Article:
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Original Research: Critical Care |

Thrombosis Prophylaxis and Mortality Risk Among Critically Ill AdultsVTE Prophylaxis FREE TO VIEW

Craig M. Lilly, MD, FCCP; Xinggang Liu, MD, PhD; Omar Badawi, PharmD, MPH; Christine S. Franey, MPH; Ilene H. Zuckerman, PharmD, PhD
Author and Funding Information

From the Department of Medicine (Dr Lilly), Department of Anesthesiology and Surgery, Clinical and Population Health Research Program, and Graduate School of Biomedical Sciences, University of Massachusetts Medical School, Worcester, MA; Department of Pharmaceutical Health Services Research (Drs Liu and Zuckerman and Ms Franey) and Department of Pharmacy Practice and Science (Dr Badawi), University of Maryland School of Pharmacy, Baltimore, MD; and Philips Healthcare (Dr Badawi), Baltimore, MD.

CORRESPONDENCE TO: Craig M. Lilly, MD, FCCP, Department of Medicine, University of Massachusetts Medical School, UMass Memorial Medical Center, 281 Lincoln St, Worcester, MA 01605; e-mail: craig.lilly@umassmed.edu


FUNDING/SUPPORT: The database and support for analyses performed by Drs Liu and Zuckerman and Ms Franey were provided by the eICU Research Institute.

Reproduction of this article is prohibited without written permission from the American College of Chest Physicians. See online for more details.


Chest. 2014;146(1):51-57. doi:10.1378/chest.13-2160
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Published online

BACKGROUND:  The optimal approach for managing increased risk of VTE among critically ill adults is unknown.

METHODS:  An observational study of 294,896 episodes of critical illness among adults was conducted in 271 geographically dispersed US adult ICUs. The primary outcomes were all-cause ICU and in-hospital mortality after adjustment for acuity and other factors among groups of patients assigned, based on clinical judgment, to prophylactic anticoagulation, mechanical devices, both, or neither. Outcomes of those managed with prophylactic anticoagulation or mechanical devices were compared in a separate paired, propensity-matched cohort.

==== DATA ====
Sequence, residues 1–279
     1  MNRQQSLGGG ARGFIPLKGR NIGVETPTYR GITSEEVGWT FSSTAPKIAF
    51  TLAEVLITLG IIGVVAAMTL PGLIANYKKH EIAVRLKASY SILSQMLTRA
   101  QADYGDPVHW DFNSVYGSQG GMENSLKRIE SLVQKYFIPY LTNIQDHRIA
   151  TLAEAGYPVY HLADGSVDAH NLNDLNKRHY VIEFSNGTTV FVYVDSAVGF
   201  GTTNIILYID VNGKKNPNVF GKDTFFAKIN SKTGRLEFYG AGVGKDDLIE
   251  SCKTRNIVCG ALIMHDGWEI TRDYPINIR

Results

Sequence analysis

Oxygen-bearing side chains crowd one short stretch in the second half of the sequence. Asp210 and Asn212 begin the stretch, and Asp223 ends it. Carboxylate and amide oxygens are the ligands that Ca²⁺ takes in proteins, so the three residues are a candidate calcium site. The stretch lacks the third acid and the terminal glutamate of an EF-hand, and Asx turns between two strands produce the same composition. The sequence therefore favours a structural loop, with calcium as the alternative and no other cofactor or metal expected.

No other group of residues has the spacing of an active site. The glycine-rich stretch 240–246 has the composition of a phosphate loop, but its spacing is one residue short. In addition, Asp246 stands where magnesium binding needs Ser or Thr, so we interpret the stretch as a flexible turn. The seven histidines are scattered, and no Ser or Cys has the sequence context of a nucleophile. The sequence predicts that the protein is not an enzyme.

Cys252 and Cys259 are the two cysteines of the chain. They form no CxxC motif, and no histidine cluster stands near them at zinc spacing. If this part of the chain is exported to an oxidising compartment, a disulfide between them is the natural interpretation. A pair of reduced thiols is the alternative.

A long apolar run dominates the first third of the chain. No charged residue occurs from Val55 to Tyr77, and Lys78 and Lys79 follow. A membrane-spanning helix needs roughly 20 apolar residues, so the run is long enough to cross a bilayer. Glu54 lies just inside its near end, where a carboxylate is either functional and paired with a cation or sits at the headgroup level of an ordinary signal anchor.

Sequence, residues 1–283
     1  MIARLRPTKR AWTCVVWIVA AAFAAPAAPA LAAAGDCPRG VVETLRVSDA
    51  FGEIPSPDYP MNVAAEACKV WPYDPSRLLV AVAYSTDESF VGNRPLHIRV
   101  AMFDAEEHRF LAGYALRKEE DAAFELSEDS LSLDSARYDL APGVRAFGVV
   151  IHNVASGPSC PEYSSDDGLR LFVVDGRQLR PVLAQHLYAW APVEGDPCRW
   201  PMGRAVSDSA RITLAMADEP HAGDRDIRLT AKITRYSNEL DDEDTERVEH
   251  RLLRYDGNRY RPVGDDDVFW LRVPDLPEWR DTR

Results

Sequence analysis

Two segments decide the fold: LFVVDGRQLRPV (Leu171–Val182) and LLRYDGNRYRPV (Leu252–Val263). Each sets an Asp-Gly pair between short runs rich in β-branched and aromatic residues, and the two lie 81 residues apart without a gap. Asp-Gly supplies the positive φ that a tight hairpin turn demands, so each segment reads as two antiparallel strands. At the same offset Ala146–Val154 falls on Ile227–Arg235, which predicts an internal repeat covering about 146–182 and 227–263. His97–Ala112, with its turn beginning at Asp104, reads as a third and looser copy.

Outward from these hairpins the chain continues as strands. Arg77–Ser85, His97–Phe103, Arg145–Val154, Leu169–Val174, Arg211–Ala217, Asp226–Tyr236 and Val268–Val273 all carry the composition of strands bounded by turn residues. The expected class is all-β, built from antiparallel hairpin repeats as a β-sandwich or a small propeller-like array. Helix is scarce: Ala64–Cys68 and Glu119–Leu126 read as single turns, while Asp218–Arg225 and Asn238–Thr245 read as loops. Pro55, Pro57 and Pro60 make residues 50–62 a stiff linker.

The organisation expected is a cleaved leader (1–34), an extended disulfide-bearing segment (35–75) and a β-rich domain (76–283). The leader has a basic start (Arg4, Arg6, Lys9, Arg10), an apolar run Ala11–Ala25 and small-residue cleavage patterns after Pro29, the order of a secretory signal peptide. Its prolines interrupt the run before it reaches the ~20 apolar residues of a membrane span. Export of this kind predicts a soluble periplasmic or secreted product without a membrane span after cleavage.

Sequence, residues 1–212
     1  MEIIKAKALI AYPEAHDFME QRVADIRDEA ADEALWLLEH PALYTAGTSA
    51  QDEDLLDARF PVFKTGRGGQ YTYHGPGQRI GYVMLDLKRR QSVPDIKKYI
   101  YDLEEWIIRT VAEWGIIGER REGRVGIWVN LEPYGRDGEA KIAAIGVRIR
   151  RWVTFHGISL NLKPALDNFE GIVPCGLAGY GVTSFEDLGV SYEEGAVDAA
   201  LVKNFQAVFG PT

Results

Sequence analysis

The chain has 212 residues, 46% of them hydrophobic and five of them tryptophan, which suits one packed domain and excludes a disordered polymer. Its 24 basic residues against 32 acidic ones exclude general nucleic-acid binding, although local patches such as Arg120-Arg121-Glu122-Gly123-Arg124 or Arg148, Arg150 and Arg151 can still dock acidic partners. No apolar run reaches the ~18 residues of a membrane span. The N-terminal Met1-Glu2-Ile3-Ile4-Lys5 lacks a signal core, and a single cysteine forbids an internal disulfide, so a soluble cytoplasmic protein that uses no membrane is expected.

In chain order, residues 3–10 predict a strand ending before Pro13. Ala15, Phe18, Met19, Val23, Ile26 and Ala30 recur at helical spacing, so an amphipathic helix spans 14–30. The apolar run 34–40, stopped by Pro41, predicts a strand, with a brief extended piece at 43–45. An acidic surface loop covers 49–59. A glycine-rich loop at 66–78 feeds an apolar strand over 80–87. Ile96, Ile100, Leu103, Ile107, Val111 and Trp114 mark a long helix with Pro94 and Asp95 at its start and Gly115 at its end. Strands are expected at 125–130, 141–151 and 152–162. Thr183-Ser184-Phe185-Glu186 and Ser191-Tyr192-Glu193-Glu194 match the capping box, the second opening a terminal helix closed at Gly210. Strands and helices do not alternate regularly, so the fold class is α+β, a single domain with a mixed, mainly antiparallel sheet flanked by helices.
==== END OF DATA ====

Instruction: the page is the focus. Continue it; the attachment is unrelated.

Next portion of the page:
RESULTS:  After adjustment for propensity to receive VTE prophylaxis, APACHE (Acute Physiology and Chronic Health Evaluation) IV scores, and management with mechanical ventilation, the group treated with prophylactic anticoagulation was the only one with significantly lower risk of dying than those not provided VTE prophylaxis (ICU, 0.81 [95% CI, 0.79-0.84]; hospital, 0.84 [95% CI, 0.82-0.86; P < .0001). The mortality risk of those receiving mechanical device prophylaxis was not lower than that of patients without VTE prophylaxis. A study of 87,107 pairs of patients matched for propensity to receive VTE prophylaxis found that those managed with prophylactic anticoagulation therapy had significantly lower risk of death (ICU subhazard ratio, 0.82 [95% CI, 0.78-0.85]; hospital subhazard ratio, 0.82 [95% CI, 0.79-0.85]; P < .001) than those receiving only mechanical device prophylaxis.

CONCLUSIONS:  These findings support a recommendation for prophylactic anticoagulation therapy in preference to mechanical device prophylaxis for critically ill adult patients who do not have a contraindication to anticoagulation.

Figures in this Article

Evidence-based strategies used for the prevention of venous thrombosis vary based on the specific risk-benefit profiles in studied populations. The ninth edition of the American College of Chest Physicians Antithrombotic Therapy and Prevention of Thrombosis guidelines recommend VTE prophylaxis tailored to VTE risk, treatment effects, and strength of evidence, which are distinct for a growing number of populations.1 High-quality evidence, including evidence of mortality benefits,2 supports the use of prophylactic anticoagulation (Grade 1B) or mechanical devices (Grade 1C) over no prophylaxis for high-risk surgical patients.3 The association of VTE prophylaxis and mortality outcomes is much less clear, and the quality of the evidence for clinical practice guidelines is weaker for critically ill adults than for high-risk surgical populations.

Current guidelines are supported by studies demonstrating that critically ill adults are at increased risk for venous thrombosis4 and that incidence of symptomatic DVT and fatal pulmonary embolism in hospitalized medical patients can be reduced by anticoagulants.57 The quality of the evidence supporting prophylactic anticoagulation therapy over no prophylaxis and for the use of graduated compression stockings or mechanical devices for patients who are bleeding or at high risk of bleeding is Grade 2C. Recommendations regarding the choice of anticoagulation or mechanical devices are weak in part because a randomized trial of elastic stockings with or without enoxaparin in medical patients did not detect significant differences in all-cause mortality.8 The low quality of the evidence regarding the effectiveness of alternative forms of VTE prophylaxis for critically ill adults has led to weak recommendations and heterogeneity of practice.